Orange Blossom Cake
Supplies needed: Fimo Classic Clay: Transparent/Translucent, White; Golden Yellow, Orange; (if you use any clay other than Fimo Classic, you may end up with a different color for your cake); cornstarch; miniature cake mold (can be purchased from a miniature shop); artists' soft pastel sticks: yellow ochre, burnt sienna, medium shade of brown (do not use an oil pastel stick - this is different and will not work); coarse sandpaper, resin and hardener (I use Envirotex brand); amber transparent resin dye. Optional: miniature cake plate, orange slices, orange blossom leaves.
Hints: when I talk about blending parts of colored clay together, it is very simple. For instance, blend 1 part Transparent with 1/2 part White and 1/4 part Orange. Cut a piece of Transparent clay any size that you want. Cut this in half. Put 1 half aside. Cut a piece of White clay the same size as the one piece you kept. The same applies for 1/4 part. Cut the Transparent into 4 equal pieces and put 3 pieces aside. Cut a piece of Orange the same size as the piece your kept.
1. Blend 1 part Transparent, 1/2 part White, 1/2 part Golden Yellow, 1/4 part Orange clays until you have a pretty shade of orange.
2. Dust the inside of the miniature cake mold with cornstarch by using a paintbrush or dip the mold into the cornstarch. Shake off excess powder.
3. Make a ball approximately 3/4" in diameter. If you are using a different mold than I used, then adjust the amount of clay you use. Keep gentle pressure on the clay with your thumb as you press the clay down into the mold with your other thumb. Be careful that the clay does not pop out of the mold. If it does, then ball it up and start over again. It does not matter if you have cornstarch on the clay.
4. Use your x-acto knife to slice the excess clay from the top. The clay should be even with the mold.
5. Turn the mold upside down and gently tap on the bottom. If the clay does not release, then use the x-acto knife to gently loosen the edges all around the mold by placing your knife between the clay and the mold. Slide the knife all around the mold. Be careful not to cut the clay with the knife by inserting your knife too far. Just loosen the very top.
6. Insert the blade gently into the center of the clay and lift it out of the mold.
7. Use your fingers to smooth the edges on the bottom. Be careful not to distort or flatten the top of the cake while doing this.
8. Press the bottom of the cake onto your work surface to adhere and texture with very coarse sandpaper. Press the sandpaper gently into the clay.
9. Brush the cake with the ochre pastel stick. Crush the pastel stick into a container. Dip your brush into the shavings or swipe your paintbrush back and forth on the top and sides of the pastel stick. Place your brush on the bottom of the cake and brush upward. Repeat this process until entire cake is colored. Since we are putting a light color on darker clay, the result will not be that noticeable but this step is necessary.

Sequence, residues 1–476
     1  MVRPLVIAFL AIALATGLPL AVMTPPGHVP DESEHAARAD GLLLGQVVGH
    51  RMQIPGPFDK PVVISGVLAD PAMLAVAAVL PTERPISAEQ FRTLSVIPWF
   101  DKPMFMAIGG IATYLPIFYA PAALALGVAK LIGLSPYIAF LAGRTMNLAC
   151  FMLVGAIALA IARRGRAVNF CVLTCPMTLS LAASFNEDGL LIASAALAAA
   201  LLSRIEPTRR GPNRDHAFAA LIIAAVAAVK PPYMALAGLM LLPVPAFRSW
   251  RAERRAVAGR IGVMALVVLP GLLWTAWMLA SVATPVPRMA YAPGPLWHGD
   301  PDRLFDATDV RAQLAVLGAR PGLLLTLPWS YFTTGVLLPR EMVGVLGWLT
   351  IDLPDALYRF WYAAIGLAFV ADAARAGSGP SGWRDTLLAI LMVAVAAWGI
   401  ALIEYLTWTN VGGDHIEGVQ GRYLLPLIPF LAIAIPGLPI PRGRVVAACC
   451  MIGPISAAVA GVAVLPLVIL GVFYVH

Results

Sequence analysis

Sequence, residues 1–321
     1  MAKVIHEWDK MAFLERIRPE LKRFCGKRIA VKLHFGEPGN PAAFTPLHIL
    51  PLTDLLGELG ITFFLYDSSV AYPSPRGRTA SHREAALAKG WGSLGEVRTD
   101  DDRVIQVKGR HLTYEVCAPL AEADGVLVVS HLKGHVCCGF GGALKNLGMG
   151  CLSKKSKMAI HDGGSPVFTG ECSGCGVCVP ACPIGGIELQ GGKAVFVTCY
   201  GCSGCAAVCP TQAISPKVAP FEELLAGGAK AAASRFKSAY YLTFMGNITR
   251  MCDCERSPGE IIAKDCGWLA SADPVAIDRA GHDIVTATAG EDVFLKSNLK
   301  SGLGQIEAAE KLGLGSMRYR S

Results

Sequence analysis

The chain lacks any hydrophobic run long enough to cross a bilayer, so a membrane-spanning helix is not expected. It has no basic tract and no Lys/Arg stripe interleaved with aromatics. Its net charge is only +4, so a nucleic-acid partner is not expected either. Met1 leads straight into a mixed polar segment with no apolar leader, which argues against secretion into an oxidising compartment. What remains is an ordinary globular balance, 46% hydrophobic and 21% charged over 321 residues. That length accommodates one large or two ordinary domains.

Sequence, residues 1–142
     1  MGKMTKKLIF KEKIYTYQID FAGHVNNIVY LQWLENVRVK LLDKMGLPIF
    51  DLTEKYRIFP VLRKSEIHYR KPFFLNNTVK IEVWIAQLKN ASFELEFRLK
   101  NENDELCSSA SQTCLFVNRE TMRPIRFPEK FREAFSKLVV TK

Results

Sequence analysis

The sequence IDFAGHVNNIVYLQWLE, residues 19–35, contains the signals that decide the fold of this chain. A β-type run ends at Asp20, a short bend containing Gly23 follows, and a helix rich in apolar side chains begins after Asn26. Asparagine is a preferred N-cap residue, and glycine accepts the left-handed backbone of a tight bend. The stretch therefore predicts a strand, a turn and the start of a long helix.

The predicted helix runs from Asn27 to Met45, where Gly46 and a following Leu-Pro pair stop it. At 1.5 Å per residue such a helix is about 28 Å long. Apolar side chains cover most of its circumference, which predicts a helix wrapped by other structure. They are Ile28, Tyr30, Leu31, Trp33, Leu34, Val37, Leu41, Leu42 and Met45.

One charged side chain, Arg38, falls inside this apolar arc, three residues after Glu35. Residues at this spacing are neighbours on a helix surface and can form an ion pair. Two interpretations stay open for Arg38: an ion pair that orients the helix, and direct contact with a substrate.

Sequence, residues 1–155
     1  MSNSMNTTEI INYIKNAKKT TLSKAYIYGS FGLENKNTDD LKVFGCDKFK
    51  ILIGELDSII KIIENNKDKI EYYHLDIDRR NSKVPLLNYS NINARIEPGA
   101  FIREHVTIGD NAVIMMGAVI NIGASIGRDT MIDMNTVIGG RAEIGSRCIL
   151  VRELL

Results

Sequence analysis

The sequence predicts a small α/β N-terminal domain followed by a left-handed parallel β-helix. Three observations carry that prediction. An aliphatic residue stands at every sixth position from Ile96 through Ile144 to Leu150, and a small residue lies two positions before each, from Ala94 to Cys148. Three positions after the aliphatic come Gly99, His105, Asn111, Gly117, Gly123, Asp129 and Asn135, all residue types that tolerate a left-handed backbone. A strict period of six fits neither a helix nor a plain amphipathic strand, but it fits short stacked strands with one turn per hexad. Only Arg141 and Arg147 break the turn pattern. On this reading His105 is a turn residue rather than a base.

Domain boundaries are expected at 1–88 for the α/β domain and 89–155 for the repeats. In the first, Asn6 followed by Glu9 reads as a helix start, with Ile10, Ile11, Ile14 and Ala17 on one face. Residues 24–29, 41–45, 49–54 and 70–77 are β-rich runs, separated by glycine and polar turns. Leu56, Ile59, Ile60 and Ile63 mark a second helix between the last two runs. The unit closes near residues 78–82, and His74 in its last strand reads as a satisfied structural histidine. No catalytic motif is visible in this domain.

10. Brush with the burnt sienna pastel stick. Brush from the bottom of the cake upward. Do not brush the entire cake. Only brush those areas that would normally brown during baking.
11. LIGHTLY brush with the medium brown pastel. Brush around the bottom and the top and sides of the cake. Brush from the bottom up. Here again, brush only the areas that would brown during baking. Do not use a lot of brown. Apply very light coats. You can always add more color is you want to.
12. Optional: if you want to decorate your cake with orange slices as shown in the photograph, cut 4 slices from an unbaked orange stick. Curl each slice slightly. Hold between our thumb and finger and bend inward to curl. Use Liquid Sculpey to attach the slices to the cake.
13. Bake in a preheated oven at 250 degrees for 30 minutes.
14. Glue to a cake plate or whatever you are going to use to display it. If you are using a paper doily, do not glue yet.
15. Mix 1/4 teaspoon of Envirotex Resin and 1/4 teaspoon of Envirotex Hardener (can be purchased at a miniature shop or any craft shop) with 1 drop of amber transparent resin dye (can be purchased at a miniature shop). You can also use amber transparent glass stain (not paint - use the stain). Stir slowly to avoid air bubbles. Use a plastic cup and spoon and a craft stick to stir. These will be thrown away when the resin sets up. It usually takes anywhere from 4-8 hours to harden.
16. Use a craft stick or toothpick to drizzle the resin over the entire cake. Let some drip onto the plate. If your cake is not glued to a plate, place it on waxed paper. After the resin hardens, you can peel it off of the waxed paper.
This gives you a different view of the cake - from the top.
Optional: If you do not want to use the resin, then paint the cake with matte varnish.
You can decorate your cake with leaves, orange slices, etc.
Enjoy your cake! You did a good job!